Home Page / Traditional / Professions
Print this page


Some of the traditional professions which have survived in Skarinou are as follows:

Salesmen (Agioyiates)

The “agoyiates” would transfer goods using camels, donkeys, mules or carriages. They would cover long distances and therefore had to make stops to rest and have a meal in various inns and other premises such as the station of Skarinou. More on the station: Skarinou Station  

Horseshoe blacksmith or “Kallikas”

The horseshow blacksmith or “kallikas” would fit horseshoes to the hooves of animals, donkeys and mules which were used as means of transport or assistants in agricultural tasks by the villagers. The maintenance of the animals’ hooves was done once or twice a year and it was necessary because, as Iona explains, “their nails would otherwise grow thus causing them to stumble during walking”.    

Olive-mill Miller

Theolive-millmillerwas responsible for the operation of the mill and consequently the extraction of the olive-oil. Quite often, the miller would agree with the olive producer that the mill would keep a small percentage of the produced olive-oil, as well as the production waste called “zivana” which, as Ionas states, was used as raw material for the production of soap, or even as lubricant manure.     


The quarrymanwas the worker who would undertake the extraction of rock from the quarries in order to be used for the construction of various buildings. The quarryman would proceed with the extraction of rock according to the contractor’s order.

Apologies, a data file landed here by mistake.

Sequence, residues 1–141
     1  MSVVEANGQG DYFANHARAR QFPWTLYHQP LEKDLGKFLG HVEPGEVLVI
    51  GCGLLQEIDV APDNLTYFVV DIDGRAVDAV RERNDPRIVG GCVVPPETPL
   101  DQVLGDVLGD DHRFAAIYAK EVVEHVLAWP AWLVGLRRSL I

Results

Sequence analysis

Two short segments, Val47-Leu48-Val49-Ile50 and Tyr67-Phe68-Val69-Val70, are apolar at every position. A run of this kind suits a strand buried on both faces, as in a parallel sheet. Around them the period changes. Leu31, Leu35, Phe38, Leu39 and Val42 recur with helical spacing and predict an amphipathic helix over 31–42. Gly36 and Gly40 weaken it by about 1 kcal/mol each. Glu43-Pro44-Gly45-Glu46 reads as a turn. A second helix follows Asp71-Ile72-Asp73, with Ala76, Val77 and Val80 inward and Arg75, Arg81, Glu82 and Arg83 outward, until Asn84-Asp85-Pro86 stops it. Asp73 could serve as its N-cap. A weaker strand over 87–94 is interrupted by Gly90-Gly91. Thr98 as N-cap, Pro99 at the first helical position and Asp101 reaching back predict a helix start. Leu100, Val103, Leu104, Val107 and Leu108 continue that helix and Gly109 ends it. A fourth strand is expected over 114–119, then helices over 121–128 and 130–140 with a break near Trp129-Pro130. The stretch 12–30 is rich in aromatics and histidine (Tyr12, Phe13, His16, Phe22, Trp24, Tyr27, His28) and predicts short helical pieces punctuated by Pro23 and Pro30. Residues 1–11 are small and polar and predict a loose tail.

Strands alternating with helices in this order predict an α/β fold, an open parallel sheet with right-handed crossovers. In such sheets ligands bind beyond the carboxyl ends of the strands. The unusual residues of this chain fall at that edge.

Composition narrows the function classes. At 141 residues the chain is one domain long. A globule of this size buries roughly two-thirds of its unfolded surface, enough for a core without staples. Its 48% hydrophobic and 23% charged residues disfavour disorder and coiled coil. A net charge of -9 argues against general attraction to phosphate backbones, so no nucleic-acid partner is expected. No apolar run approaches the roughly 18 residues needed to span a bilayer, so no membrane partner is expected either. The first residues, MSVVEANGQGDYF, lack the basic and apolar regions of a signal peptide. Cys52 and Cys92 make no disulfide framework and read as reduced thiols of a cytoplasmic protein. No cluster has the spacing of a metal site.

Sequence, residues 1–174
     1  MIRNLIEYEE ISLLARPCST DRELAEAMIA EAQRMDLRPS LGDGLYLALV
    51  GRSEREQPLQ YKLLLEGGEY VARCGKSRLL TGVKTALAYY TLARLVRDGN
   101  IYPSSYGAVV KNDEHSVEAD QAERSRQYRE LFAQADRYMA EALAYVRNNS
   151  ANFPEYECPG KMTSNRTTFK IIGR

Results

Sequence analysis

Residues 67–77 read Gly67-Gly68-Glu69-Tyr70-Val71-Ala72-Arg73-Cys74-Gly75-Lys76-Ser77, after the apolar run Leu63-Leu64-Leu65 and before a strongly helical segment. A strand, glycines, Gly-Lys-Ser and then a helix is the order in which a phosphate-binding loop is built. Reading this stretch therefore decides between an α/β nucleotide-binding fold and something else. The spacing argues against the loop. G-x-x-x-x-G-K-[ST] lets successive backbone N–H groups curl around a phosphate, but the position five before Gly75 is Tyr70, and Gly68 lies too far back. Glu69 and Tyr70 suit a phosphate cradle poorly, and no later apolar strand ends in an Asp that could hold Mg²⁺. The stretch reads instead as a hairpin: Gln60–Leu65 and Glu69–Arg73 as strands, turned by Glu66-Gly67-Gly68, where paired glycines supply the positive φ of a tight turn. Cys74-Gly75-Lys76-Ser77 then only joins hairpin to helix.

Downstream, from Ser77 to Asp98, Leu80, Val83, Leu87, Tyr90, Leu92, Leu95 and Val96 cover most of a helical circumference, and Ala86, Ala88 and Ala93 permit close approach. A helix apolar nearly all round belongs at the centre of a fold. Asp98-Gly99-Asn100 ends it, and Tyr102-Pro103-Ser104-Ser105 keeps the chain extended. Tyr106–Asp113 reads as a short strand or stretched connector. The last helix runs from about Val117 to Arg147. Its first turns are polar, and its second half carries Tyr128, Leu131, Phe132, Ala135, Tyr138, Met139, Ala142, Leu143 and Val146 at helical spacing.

The profession of the builderis one which has survived up until recently. Learning the art of construction would begin from a very young age and more specifically from the age of around 11-12 years old. When writing about Skarinou, Karouzis distinctively mentions: “Fine builders must have lived in the village because the rocks used in the constructions and the levels or clay and pebbles in between are examples of fine work and not many villages present this fine, remarkable and rare building quality”* (p.162).

The shoemakerwas the person who made and fixed the villagers’ leather boots. If one wanted to learn the art of the shoemaker there had to be an experienced craftsman next to them so that they could be their apprentices. 

*GiorgosKarouzis, Strolling around Cyprus, Larnaca, City and District, Nicosia 2007
Ioannis Ionas, Traditional Cyprus Professions, Nicosia 2001






Designed & Developed by NETinfo Plc